US-Israeli accord: a debate

Modern history is replete with instances of dramatic turning points, in which a qualitative change in the kind and character of events is masked by changes in degree or amount. The incremental American involvement in Vietnam is an example. The recently announced expansion of US-Israeli strategic collaboration shows every sign of being another turning point. America has gone beyond the threshhold of political, economic, and logistical support for Israel and fashioned a military alliance, the first ever in the history of American-Israeli relations. What this alliance means is, above all, the Americanization of the Arab-Israeli conflict.

As a world superpower, America's priority is the Soviet Union. As a regional superpower, Israel's priority is Syria. The target of the alliance, however, is not the Soviet Union but Syria.

There is something very new in America being formally identified as a military opponent of an Arab state. The agreement's principal effect will not be to draw Israel into the American-Soviet conflict but rather to draw the US into the Arab-Israeli conflict. Every American administration from Truman to Carter has steadfastly refused to make such a military commitment.

The reasoning behind this policy is obvious. America stood to gain little or nothing by taking military action against the Arabs and would risk losing everything. Only by not fighting the Arabs could America protect its vital interests in the area, particularly in the Persian Gulf. Only by staying militarily aloof from the conflict could the US retain any credibility as a political broker or peacemaker. Only by keeping its troops out of military conflict in an area so close to the Soviet Union could the US avoid the likelihood of a superpower confrontation.

That traditional policy and the whole situation has now changed. What is amazing is that this change has been purchased at an exorbitant price.

Over the past ten years, Israel has received about $22 billion in US aid in the form of grants and long-term, low-interest loans. In 1984 Israel will receive $2.61 billion in total aid, two-thirds of which is to be given as outright grants.

Even more serious is the decision last month to allow $550 million in military aid to subsidize a new Israeli jet fighter called the ''Lavi.'' Development and production costs for the Lavi program may eventually reach as high as $6 billion, most if not all of it to be paid by the US taxpayer. In addition, the Lavi will be sold by Israel on the world market in direct competition with US-made aircraft.

Israel's ability to compete against American firms was enhanced by a congressional decision to allow Israel to use $250 million of its Lavi aid to buy military hardware and services from Israeli defense industries, rather than American ones. This decision violates the intention of Congress to use military aid for the purchase of goods and services in the US in order to support the American economy. Instead of importing $250 million in US goods, Israel will be subsidizing its own defense industries with US aid.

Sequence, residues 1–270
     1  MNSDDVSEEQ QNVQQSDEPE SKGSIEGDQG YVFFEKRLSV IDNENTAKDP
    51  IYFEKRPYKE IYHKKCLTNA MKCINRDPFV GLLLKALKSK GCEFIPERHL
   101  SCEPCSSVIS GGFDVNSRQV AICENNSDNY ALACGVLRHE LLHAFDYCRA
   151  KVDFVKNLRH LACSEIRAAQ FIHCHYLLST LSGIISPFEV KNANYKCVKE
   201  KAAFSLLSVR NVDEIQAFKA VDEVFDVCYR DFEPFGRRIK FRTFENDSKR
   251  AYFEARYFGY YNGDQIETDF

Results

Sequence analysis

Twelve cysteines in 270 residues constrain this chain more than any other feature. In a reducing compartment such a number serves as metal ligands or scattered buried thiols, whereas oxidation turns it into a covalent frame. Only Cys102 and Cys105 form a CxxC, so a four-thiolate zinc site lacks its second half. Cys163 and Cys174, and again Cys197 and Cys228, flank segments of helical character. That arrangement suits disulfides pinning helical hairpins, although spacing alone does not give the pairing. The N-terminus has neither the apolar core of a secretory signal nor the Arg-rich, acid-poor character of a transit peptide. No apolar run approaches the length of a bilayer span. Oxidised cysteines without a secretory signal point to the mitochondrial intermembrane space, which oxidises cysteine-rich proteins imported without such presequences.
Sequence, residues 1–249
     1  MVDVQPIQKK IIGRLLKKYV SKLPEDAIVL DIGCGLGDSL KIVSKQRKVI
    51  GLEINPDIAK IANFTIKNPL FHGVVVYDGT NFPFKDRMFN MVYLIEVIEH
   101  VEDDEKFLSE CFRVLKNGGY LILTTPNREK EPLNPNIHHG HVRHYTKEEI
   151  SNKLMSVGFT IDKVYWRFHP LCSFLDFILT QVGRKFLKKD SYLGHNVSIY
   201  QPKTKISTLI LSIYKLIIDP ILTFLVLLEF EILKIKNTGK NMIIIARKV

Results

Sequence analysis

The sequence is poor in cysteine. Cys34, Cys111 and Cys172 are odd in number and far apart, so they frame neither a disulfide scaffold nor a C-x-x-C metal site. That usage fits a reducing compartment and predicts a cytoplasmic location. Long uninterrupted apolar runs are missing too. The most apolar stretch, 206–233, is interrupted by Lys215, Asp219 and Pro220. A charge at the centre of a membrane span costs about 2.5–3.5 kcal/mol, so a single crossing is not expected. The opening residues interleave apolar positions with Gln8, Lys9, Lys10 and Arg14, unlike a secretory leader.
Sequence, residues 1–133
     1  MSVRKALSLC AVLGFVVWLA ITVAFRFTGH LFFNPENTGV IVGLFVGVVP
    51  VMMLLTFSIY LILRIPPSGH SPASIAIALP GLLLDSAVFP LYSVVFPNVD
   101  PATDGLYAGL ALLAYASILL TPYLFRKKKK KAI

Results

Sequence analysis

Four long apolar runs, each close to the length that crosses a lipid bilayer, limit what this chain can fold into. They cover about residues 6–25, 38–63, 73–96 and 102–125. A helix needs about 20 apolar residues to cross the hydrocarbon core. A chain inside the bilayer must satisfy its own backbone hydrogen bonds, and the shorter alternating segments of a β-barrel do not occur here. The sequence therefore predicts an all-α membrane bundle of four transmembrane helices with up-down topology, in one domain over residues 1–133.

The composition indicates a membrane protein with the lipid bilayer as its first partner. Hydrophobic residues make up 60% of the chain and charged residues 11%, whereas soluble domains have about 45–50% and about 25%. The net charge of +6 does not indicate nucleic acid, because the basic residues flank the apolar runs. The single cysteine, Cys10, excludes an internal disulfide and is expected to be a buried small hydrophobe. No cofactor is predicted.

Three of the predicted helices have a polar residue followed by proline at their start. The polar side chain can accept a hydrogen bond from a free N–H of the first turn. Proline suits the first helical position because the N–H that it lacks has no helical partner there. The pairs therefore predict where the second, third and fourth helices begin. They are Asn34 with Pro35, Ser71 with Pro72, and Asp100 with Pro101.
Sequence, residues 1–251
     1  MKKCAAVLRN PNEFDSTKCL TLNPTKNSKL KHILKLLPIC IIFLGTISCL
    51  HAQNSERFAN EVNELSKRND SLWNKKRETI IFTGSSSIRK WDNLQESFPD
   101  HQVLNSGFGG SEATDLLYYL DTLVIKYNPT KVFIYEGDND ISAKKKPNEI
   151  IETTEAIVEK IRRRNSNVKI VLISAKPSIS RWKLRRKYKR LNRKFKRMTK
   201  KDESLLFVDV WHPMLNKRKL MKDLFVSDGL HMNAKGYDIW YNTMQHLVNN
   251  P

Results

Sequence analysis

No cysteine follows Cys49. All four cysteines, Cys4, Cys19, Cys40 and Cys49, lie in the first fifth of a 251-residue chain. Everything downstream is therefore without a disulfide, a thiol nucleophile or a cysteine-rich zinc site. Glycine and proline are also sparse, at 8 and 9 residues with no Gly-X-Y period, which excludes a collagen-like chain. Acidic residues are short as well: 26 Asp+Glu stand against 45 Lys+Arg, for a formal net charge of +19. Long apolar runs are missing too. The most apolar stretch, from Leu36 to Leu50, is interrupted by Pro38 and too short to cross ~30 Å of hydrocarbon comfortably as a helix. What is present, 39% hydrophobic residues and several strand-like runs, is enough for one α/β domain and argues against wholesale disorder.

A US Commerce Department formula estimates that for every $1 billion in US exports some 24,000 jobs are created and the $250 million in aid Israel will be spending in its own defense industries will cost 6,000 Americans their jobs.

The threat to US employment will be compounded when the first 300 Lavi aircraft are substituted for American aircraft at a cost of more than $3 billion. This translates into an additional 72,000 lost American jobs. Even more lost jobs would result from additional production of the Lavi.

American taxpayers are thus being committed by their government to subsidize their own future unemployment.

The President has agreed to resume deliveries of US-made cluster bombs despite charges that Israel used such terror weapons in Lebanon in violation of the US Arms Export Control Act and specific Israeli assurances regarding their use.

Finally, the President also is willing to negotiate an accord on duty-free trade between the United States and Israel, thereby adding to the deficits in our overall balance of payments.

In return, Israel made no political concessions. It reaffirmed its rejection of the Reagan peace plan and a freeze on building Jewish settlements in the West Bank. It will continue to oppose US arms sales to Arab countries. It refused to make a commitment to inform the US before taking unilateral military action.

Normally, subsidy melts sovereignty. The patron's benefits are conditional on the client's behavior. In this case, however, Israel does what it wants to do and gets everything it wants no matter what it does.

Each time Israel gets what it wants, Americans pay the bill. This time the cost is not only higher but of a different order. Despite the divisions among Arabs, the feeling of Arab nationalism and Arab solidarity is still a potent force in the Middle East. This agreement will cause the Arab people to put great pressure on their governments to distance themselves from the United States.

Thus, making this alliance with Israel, America risks, at best, the alienation of the entire Arab world. At worst, the United States faces the prospect of another protracted, costly, and inconclusive land war in Asia at a price that will be comparable to the one it paid in Vietnam.

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